The final payout may also be affected by a secondary bonus play. Bonus play is well known in the gaming industry and works to increase some payouts by offering the chance to multiply a payout.

One or more games may proceed concurrently; the parameters of the concurrent games may be the same, similar, or different. For example, the drawn winning elements may be used for one or more concurrent games if the predetermined set of elements is the same for the one or more concurrent games.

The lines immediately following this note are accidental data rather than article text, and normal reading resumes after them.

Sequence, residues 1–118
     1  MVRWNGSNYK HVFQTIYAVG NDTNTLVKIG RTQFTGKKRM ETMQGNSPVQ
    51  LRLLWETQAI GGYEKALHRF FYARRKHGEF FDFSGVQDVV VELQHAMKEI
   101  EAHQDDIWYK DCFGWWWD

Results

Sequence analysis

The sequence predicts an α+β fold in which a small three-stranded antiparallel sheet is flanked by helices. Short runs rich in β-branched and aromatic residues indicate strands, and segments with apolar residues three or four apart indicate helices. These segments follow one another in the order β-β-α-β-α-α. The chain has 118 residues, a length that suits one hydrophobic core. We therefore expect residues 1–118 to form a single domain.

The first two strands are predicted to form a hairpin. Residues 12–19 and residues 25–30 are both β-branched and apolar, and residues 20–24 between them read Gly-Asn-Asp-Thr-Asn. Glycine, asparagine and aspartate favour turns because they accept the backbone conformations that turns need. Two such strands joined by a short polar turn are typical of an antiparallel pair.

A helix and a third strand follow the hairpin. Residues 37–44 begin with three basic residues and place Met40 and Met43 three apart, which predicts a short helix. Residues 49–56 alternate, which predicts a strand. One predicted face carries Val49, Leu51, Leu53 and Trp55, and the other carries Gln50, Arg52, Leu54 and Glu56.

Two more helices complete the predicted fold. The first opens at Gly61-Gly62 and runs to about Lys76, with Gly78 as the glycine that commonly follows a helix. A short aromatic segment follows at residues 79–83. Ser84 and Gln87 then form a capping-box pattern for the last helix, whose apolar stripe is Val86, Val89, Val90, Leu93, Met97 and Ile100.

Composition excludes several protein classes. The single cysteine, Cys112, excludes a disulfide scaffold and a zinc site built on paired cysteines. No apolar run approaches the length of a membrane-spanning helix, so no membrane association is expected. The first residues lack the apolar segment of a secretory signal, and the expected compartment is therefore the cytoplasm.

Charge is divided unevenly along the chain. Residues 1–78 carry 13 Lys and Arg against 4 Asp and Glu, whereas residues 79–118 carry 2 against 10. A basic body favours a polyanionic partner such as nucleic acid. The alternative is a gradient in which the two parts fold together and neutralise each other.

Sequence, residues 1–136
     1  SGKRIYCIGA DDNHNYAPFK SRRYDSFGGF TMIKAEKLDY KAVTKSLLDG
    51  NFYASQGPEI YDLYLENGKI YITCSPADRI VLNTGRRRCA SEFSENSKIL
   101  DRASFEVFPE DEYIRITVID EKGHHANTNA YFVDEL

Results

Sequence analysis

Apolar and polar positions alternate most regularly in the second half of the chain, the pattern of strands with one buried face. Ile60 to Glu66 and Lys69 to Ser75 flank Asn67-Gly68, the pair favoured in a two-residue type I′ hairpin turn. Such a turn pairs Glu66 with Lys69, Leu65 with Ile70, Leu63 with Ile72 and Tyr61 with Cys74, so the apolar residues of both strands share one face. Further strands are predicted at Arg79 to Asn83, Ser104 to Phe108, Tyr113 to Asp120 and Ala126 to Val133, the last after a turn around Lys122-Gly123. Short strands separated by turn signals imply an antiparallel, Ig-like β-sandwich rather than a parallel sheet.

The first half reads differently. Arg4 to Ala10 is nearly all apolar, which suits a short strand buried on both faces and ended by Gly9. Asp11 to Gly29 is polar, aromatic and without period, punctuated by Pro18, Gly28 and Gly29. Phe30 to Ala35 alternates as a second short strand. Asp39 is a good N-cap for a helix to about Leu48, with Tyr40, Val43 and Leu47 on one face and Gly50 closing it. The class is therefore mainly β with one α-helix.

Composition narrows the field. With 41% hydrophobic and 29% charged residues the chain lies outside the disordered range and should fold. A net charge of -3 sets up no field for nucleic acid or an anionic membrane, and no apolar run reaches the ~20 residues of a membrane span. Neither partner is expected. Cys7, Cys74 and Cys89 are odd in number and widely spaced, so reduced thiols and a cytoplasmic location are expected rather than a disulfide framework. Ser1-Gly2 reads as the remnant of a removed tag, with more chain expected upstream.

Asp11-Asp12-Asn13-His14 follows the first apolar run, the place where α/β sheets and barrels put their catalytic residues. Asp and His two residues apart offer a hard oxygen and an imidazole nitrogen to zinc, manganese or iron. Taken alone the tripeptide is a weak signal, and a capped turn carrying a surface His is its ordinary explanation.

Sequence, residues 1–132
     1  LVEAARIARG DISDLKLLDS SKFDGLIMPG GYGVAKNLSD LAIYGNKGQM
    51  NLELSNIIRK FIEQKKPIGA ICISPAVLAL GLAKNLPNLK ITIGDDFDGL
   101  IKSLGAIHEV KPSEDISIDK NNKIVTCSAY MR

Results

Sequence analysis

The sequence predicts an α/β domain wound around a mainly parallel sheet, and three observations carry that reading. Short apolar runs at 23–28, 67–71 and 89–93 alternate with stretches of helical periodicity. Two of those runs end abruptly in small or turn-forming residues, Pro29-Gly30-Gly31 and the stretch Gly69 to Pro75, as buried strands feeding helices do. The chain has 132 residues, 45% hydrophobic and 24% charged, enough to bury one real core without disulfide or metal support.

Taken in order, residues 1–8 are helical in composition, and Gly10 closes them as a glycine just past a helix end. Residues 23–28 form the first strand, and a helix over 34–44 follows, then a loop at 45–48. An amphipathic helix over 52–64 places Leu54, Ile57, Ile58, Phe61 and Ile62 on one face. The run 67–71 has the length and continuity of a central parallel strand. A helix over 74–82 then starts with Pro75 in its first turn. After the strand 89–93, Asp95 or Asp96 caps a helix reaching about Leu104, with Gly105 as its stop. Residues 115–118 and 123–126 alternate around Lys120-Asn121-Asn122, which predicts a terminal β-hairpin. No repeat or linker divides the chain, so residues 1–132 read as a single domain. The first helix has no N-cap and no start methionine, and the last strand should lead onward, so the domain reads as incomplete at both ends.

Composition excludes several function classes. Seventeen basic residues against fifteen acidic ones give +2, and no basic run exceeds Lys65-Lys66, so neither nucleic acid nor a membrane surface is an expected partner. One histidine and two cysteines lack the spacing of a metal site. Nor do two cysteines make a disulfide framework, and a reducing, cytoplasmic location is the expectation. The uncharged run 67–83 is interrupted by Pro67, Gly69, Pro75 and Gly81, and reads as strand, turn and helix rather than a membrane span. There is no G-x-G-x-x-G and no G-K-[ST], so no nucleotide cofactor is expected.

Additionally, the games may run continually, i.e. one after another. When one game ends, another can begin immediately or in a short period of time thereafter. The games may follow a precise time schedule so that players know when games will begin. For example, if game play in a game requires four and a half (4.5) minutes to complete, then the next game may start immediately or in a defined period (e.g., thirty seconds) to maintain a schedule of games sessions. For example, game sessions may occur every hour, on the hour, and at every five minutes in between (i.e., at :00, :05, :10, :15, :20, :25, :30, :35, :40, :45, :50, :55 of each hour). Because, according to one embodiment, the game sessions may run continually, it may be possible that a game will have no game player or game card that is being played within the particular game session or instance.